It was another case of bad timing for us.  On top of the strict no leaving the boat policy, 80% of the trails were closed, with no reason given and no plans to open them back up anytime soon. So, our $30 would get us a five-minute hike to the top of the hill and no further.  When Jason asked about snorkeling the Rangers eyes grew wide with confusion and he shook his head.  He didn’t like jellyfish.  And that was that.  No roaming about the island with blue-footed boobies and no snorkeling with tropical fish.  But, the turtle visits and views from anchor were still worth the stop.

jelly fish poor mans Galapagos

poor mans Galapagos Ecuador

poor mans Galapagos sailing

Next destination…Salinas, affectionately called the Miami Beach of Ecuador.  Please, oh please let us be the second mouse this time.

Sailing Road Trip Report

To see our full map with interactive pins, click here:

sailing poor mans galapagos

  • Dates – March 1 – 7, 2018
  • Nautical Miles Sailed – 58.2

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Who is John?

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Hello there! I honestly don’t know what to say, so I am going to tell you a bunch of random facts instead. I'm a fish eating vegetarian who hates spiders and loves snakes. I almost never took vacations growing up. I wanted to be Pippi Longstocking (still do). I misspell about every other word I write and still struggle with grammar. I love splurging on a good high tea (which is really hard to find these days). And whatever you do, don’t tell me I can’t do something, because then I'll HAVE to do it!

Comments (14)

  • David

    I didn’t know if it was your original intent, but you have become outstanding goodwill ambassadors on behalf of the American people. Your dedication to your goals, perseverance, spirit of adventure, and winning personalities spread good cheer and positive energy wherever you travel. No doubt, the people you encounter in your international travels gain a good impression of America. Your friendliness and cheerful presence spread goodwill wherever you anchor. On this 4th of July, thank you for all you are doing and keep on sailing!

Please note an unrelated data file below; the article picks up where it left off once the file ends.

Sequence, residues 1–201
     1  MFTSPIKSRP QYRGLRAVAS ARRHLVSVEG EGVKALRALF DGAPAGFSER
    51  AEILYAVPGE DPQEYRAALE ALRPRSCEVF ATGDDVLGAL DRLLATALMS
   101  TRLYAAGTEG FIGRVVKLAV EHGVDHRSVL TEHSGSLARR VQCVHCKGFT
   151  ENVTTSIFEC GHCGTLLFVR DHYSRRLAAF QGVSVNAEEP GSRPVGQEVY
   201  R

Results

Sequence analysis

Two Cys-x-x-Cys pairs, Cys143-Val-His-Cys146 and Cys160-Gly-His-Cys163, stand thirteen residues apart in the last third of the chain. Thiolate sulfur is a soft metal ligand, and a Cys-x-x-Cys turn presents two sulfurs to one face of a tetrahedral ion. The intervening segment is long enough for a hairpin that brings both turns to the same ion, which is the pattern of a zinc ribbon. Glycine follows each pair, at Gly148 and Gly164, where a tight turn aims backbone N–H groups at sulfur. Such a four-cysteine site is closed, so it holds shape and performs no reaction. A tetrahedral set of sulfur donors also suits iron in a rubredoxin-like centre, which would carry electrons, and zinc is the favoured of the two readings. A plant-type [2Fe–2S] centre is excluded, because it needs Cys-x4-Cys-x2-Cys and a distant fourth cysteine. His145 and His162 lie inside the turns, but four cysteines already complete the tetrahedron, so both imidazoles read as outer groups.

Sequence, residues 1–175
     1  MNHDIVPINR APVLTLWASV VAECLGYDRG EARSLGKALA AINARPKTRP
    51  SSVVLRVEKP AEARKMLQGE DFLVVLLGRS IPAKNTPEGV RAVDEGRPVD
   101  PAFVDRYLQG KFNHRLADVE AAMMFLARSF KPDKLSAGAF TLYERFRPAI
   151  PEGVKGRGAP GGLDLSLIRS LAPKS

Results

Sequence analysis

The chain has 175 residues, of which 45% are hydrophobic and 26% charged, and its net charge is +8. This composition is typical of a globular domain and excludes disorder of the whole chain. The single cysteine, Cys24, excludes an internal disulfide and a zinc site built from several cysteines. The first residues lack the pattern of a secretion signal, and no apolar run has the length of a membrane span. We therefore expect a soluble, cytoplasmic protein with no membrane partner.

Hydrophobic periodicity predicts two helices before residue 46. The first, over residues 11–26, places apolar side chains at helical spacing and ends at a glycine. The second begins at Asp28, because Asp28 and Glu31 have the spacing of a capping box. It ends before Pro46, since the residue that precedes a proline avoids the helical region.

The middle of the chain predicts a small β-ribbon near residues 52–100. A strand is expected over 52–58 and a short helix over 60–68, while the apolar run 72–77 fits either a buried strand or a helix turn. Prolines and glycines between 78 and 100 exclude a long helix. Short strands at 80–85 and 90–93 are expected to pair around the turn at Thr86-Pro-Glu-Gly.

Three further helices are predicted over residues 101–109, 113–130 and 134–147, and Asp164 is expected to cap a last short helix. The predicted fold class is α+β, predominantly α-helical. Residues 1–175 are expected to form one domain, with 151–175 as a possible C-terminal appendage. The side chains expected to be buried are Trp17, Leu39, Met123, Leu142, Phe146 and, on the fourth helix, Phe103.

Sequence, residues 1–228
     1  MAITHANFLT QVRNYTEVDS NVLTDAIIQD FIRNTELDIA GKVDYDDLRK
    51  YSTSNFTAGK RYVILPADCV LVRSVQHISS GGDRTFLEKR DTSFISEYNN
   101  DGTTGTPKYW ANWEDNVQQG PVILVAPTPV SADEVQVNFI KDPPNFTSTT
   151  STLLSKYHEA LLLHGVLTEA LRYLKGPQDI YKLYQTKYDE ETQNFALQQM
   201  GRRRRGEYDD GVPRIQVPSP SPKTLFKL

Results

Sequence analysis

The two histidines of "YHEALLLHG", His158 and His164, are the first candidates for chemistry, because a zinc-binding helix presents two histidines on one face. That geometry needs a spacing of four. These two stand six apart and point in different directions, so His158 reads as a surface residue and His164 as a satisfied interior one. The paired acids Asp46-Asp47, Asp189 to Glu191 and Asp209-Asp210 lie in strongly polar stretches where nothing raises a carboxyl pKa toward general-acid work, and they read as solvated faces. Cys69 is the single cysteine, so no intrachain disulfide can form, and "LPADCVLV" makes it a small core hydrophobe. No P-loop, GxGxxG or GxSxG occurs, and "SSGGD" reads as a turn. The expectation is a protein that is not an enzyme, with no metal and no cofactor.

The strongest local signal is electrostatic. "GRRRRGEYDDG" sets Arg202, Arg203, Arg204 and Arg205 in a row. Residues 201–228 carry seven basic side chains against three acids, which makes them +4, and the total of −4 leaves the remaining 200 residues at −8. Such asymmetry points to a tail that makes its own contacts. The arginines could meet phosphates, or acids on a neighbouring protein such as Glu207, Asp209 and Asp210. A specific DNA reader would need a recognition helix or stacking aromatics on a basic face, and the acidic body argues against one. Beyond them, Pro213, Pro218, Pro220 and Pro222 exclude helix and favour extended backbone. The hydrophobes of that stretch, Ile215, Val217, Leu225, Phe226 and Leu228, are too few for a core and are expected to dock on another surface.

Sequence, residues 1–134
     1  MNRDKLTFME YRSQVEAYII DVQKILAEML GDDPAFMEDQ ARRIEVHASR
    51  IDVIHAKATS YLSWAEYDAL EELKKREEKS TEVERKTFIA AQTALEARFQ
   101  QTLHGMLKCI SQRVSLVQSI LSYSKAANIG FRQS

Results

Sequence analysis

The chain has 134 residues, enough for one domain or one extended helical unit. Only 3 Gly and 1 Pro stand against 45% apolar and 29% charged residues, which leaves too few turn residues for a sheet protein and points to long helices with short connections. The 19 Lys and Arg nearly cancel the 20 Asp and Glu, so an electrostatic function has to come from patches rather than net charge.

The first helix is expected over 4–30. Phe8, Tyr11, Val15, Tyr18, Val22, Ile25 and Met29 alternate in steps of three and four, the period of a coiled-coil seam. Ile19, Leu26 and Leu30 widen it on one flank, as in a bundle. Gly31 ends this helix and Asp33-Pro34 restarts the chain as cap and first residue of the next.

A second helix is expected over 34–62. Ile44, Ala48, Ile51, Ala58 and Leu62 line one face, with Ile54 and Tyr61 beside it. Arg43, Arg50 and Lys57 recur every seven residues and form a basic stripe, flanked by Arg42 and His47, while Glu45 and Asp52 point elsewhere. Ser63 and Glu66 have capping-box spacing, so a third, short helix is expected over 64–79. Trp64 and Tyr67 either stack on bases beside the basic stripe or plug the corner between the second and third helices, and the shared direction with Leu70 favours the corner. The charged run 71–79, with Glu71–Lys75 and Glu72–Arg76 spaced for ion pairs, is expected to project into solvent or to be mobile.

• Having lived in Cuenca, EC for two years as residents, we completely understand the “regulations” and their interpretation by different individuals. But as residents, it only cost us $10 each to visit the Galapagos. We went for a five day trip with friends, it was amazing!

    • ~M

      OMG! Froggi I haven’t seen you since you left the 5er. Nice to see your face again. Cheers! ~M

  • Pat Parker

    Thanks for sharing. It was great

  • Lucille

    I was thinking that they were stalling you so that you would not come back and tell other Americans not to go there until I heard that he was sick. Really sick??? The water was so filthy and they litter just like they do here when they try to push us out of an area it always looks like. The name and the looks of the food did not appeal to me. Good luck. Wow! They want to enter illegally here and there you have to sign in and out? We are fools with our Immigration policy here.

  • Robert Keys


    All South/Central American countries are a nightmare re port entry/departure, it comes from
    the Spanish system which is also quite heavy.
    Oh by the way the USA is not the easy country for ship entry/departure re paper work.
    I was a Tanker Captain running from Venezuela to St. Croix (USA island), 36 hour trip and
    every time we entered St.Croix USA Immigration checked all the crew (two hours work!).
    Wait till you get to Aussie!!
    Safe & smooth sailing,

  • Alan Solomon

    I don’t think I have seen murky, dirtier, almost polluted water ever in any of your videos up to now.
    Shocking to see. Your past videos have spoiled me.
    Hopefully, you won’t cross paths with control freaks like you encountered at poor man Galapagos in future sailing travels.

    Happy, Safe Sailing,

  • Tom Fitch

    I don’t understand why you need Ecuador’s permission to leave. Can you explain this please.

    • Curious Minion

      If you do not check out/clear customs from one port in Ecuador, you will be denied entry at the next port. It is the same for most countries: if you haven’t checked out of the previous country they can deny you entry into another.

  • Beth

    Was the blue boobies thing explained somewhere and I missed the explanation? Was it a joke that just flew over my head? If anyone knows what they meant I’d sure like to know! ? Thx!
    And of course, your video and blogging are great as always. Was Kate gone before you were at the Poor Man’s Galapagos? Kate is so cool and funny!

  • Roger B

    Big disappointment for you and all of us. Life’s challenges, however, we are looking forward to your next video.

  • Phil

    Do you ever muss the States and do you get lonely?